ACTION FOR ANGEL: Yet another story of an imprisoned animal for our “entertainment”. Angel, the albino dolphin calf is in a tiny indoor tank at the Taiji Whale Museum. Sign the petition here organised by Australia for Dolphins – and they ask for us to circulate it. The Japanese seem determined to continue hunting whales…and their annual slaughter of dolphins at Taiji. This Sunday 29th June there is a Whale of a Debate at the Australian National Maritime Museum in Sydney (at 2.30pm) discussing historical and contemporary anti-whaling. Speakers will include members of the Sea Shepherd and conservationist and photographer Jonny Lewis.
ALICE WALKER: The Sydney Writers Festival was on recently and while I did not attend, I heard and saw various interviews on radio and television. It did make me think – we have so many intelligent, perceptive, compassionate and ingenious people in the world – why is our country (and the world) run by so many moronic people that just don’t get it? I know I can be slow onto some things, but I am now mad on Alice Walker – she get’s it! I hung on her every word and will now start reading her intensively. I feel as if I know The Color Purple although I’m not sure if I read the book in the 1980s or saw the movie.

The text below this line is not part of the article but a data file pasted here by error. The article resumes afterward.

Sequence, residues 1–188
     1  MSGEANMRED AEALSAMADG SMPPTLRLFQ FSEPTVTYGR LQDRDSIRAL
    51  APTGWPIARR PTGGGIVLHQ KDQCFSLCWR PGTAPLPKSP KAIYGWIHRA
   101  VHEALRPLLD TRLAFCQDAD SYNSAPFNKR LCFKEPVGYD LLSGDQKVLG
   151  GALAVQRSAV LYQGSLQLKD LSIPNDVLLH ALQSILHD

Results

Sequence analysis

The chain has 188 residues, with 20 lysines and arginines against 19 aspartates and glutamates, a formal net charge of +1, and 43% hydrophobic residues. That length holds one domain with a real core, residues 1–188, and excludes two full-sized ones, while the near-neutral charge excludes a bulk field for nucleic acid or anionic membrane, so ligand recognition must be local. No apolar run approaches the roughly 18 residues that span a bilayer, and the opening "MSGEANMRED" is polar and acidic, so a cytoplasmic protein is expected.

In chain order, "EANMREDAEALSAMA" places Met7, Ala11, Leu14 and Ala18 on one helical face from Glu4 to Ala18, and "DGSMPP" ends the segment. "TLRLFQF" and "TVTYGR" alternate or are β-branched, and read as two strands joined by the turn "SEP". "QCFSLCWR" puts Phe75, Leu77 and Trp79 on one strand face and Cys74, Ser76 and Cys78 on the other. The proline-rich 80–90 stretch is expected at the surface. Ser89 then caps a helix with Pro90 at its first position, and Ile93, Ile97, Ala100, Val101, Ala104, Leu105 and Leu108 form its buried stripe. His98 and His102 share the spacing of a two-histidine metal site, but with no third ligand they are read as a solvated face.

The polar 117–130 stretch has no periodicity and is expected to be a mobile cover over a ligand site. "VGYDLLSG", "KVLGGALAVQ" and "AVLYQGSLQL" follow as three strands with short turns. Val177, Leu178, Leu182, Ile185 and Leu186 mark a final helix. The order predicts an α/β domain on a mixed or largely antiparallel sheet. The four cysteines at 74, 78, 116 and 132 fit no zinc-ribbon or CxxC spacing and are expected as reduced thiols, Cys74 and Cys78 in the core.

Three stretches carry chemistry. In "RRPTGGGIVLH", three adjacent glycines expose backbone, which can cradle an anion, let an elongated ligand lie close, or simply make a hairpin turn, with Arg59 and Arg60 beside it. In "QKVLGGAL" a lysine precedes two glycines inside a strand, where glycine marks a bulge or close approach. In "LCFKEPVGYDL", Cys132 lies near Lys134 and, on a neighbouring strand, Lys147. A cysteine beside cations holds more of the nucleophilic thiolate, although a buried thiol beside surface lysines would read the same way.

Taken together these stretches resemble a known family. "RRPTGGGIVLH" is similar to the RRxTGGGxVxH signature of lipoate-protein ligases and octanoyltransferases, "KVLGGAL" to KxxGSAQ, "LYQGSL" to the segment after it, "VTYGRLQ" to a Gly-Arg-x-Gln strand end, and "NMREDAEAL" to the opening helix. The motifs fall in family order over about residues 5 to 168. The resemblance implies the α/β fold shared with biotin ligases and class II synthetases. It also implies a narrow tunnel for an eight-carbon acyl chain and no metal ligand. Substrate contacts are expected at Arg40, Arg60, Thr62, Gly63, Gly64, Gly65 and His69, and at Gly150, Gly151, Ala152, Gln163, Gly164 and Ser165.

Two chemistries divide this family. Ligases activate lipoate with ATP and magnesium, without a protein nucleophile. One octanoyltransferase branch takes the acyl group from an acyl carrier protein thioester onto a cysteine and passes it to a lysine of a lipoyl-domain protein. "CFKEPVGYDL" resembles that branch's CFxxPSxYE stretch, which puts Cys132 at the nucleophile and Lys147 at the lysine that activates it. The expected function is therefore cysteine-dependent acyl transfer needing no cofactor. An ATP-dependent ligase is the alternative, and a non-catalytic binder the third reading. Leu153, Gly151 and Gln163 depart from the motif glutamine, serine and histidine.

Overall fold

When asked for her advice for Obama Alice said “RUN”! She hates the use of drones and that he is part of the “war machine”. “Aren’t we smarter than buying weapons?” “We have to change the system” – all presidents are hostage to it. The capitalist system is now part of the problem. She supports the Occupy Wall Street Movement, and thinks women would make more empathetic leaders.
While nature is for her a “balm” that we “abuse”, writing is a “medicine”. She listens to, and “only”works for her ancestors. Fiction has a “freedom”, while poetry is autonomous. It “descends”, you “can’t chase after it”, and the “muse comes at will”. She named Tolstoy and Dostoevsky first when asked which writers she admires. She saw her mother and grandmother enslaved by their many children so didn’t particularly want to be a mother. I thought she was amusing about her daughter who has been quite critical of her in the past, although I’m sure this was hurtful. She wants us to” turn to each other” and “talk things through”. Life’s purpose and why she isn’t sitting on her cushion meditating “or scuba diving” is “we exist to help each other”. “The deep joy is to show up for others”. For her, this included being part of the flotilla that sailed to Gaza in 2010.
USA: Last month saw yet another senseless mass shooting in the USA. One of the victim’s father Richard Martinez was so articulate asking: “Why did Chris die? Chris died because of craven, irresponsible politicians, and the NRA…. What has changed? Have we learned nothing? Where the hell is the leadership?… Life doesn’t have to be like this”. When members of the US Congress rang him offering him condolences he said “I don’t care about your sympathy. I don’t give a shit that you feel sorry for me. Get to work and DO something”.
In Glenn Greenwald’s recent book No Place to Hide he describes his encounter with Edward Snowden. He had to put his mobile phone in the hotel mini bar – as now anything can be transformed into a listening device! He says the Snowden cache reveals a regime seeking “the complete elimination of electronic privacy worldwide”!